Kathryn Pasternak’s career in filmmaking began in NYC, shortly after graduating from Harvard University with a degree in Fine Arts. After working in Los Angeles and then settling in the DC area, some 20 years later, she’s the recipient of two National Emmy Awards for “Best Science and Nature Film” and nominee for two more, including most recently in 2010, for her role Executive Producing the film “Swamp Troop,” for the National Geographic Channel.
Prior to forging out again as a freelance filmmaker, Kathryn worked in a variety of roles at National Geographic Television for over 16 years, including managing development of the National Geographic Specials, and travelling around the world in search of compelling co-productions for the company’s “Explorer” Television series. Her final role on staff was Senior Producer of wildlife films in Nat Geo’s Natural History Unit, but Kathryn continues to work regularly for National Geographic Channels as a freelancer.
In 2009, Kathryn Pasternak launched her own production company, PASTERNAK MEDIA LLC. In her new venture, she is executive producing, producing and writing a variety of wildlife and conservation media – from high end blue chip television programming and feature docs, to broadband vlogs and conservation advocacy films. PASTERNAK MEDIA’S clients include Animal Planet, the Discovery Channel, National Geographic Channels, Smithsonian Networks, and many international production companies. PASTERNAK MEDIA also offers consultancy services to wildlife and other documentary film projects and conservation media.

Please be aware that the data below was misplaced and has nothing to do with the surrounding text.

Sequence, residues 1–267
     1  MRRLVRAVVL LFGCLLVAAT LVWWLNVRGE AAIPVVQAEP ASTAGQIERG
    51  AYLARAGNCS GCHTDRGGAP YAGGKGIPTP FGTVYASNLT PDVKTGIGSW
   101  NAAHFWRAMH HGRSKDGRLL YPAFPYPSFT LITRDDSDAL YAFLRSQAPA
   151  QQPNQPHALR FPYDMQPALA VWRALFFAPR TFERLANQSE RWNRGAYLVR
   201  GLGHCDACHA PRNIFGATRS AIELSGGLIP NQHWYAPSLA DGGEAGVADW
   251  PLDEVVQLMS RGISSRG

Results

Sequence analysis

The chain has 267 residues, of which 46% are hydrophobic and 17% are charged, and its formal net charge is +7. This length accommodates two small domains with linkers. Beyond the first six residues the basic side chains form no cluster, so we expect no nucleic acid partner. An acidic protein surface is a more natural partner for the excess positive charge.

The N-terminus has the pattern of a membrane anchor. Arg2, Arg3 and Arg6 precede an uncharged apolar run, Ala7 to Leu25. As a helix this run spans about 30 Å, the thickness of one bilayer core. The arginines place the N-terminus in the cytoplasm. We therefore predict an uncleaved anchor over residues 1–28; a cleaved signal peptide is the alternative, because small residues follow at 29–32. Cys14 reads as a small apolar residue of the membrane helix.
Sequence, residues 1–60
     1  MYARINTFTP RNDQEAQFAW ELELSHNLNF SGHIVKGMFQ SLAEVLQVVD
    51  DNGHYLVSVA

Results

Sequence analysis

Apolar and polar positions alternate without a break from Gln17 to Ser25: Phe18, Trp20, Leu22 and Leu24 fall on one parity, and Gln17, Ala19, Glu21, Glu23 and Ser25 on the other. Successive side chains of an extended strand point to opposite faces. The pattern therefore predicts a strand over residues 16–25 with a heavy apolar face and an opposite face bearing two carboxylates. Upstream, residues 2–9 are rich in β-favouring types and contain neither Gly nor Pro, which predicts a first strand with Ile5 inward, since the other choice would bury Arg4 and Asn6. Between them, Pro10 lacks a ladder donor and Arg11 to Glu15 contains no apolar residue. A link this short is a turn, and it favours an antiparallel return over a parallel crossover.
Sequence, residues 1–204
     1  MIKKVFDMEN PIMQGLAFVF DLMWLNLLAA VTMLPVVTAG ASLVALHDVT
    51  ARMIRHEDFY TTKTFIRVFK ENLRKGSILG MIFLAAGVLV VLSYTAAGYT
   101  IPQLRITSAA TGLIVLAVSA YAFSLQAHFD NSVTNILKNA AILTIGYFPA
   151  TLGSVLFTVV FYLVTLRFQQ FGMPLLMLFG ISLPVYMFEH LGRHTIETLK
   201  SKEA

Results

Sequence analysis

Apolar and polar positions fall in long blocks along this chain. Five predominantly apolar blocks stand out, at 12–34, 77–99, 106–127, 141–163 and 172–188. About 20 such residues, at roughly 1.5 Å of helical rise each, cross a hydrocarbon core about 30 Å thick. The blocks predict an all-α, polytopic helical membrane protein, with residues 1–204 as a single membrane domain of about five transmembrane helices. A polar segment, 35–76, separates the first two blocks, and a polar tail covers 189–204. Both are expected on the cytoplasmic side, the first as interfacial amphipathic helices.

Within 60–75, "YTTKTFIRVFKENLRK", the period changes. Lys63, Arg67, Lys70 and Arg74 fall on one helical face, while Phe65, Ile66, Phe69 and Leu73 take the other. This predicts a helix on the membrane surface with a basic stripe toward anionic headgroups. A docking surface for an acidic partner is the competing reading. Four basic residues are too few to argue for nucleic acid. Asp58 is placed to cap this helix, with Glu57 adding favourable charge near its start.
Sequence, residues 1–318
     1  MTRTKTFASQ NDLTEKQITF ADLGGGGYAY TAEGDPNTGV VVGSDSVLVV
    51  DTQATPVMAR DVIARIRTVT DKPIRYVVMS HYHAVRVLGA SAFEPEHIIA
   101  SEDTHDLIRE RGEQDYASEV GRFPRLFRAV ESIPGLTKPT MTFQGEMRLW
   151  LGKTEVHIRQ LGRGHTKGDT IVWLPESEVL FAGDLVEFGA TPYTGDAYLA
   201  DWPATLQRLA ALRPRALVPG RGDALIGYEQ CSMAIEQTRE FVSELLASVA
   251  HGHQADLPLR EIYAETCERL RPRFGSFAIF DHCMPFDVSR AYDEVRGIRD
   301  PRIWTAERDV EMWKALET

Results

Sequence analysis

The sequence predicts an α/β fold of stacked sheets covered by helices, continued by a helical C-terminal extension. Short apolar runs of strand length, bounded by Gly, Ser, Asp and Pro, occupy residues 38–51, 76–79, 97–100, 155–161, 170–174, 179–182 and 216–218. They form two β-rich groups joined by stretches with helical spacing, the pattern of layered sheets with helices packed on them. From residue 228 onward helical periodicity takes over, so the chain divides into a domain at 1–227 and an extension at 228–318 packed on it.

DOEVILLE is Pasternak’s first documentary feature film. Since growing up in Alberta, Canada and visiting small farms with her mother, Pasternak has loved and appreciated the value of seeing your own food before you buy and eat it. She first visited Deauville Fallow Deer Farm and got to know Gail Rose in 2003 when she purchased a home in the area and started visiting the farm with her boys – to feed the deer, commune with the chickens, and to buy organic vegetables and eggs. Before long, she couldn’t get the idea out of her head – Gail and the story of her wacky little farm was a film waiting to happen! But this project would be different – she is filming it herself, which is allowing a far more intimate, detailed portrait of life on a sustainable farm than would otherwise be possible.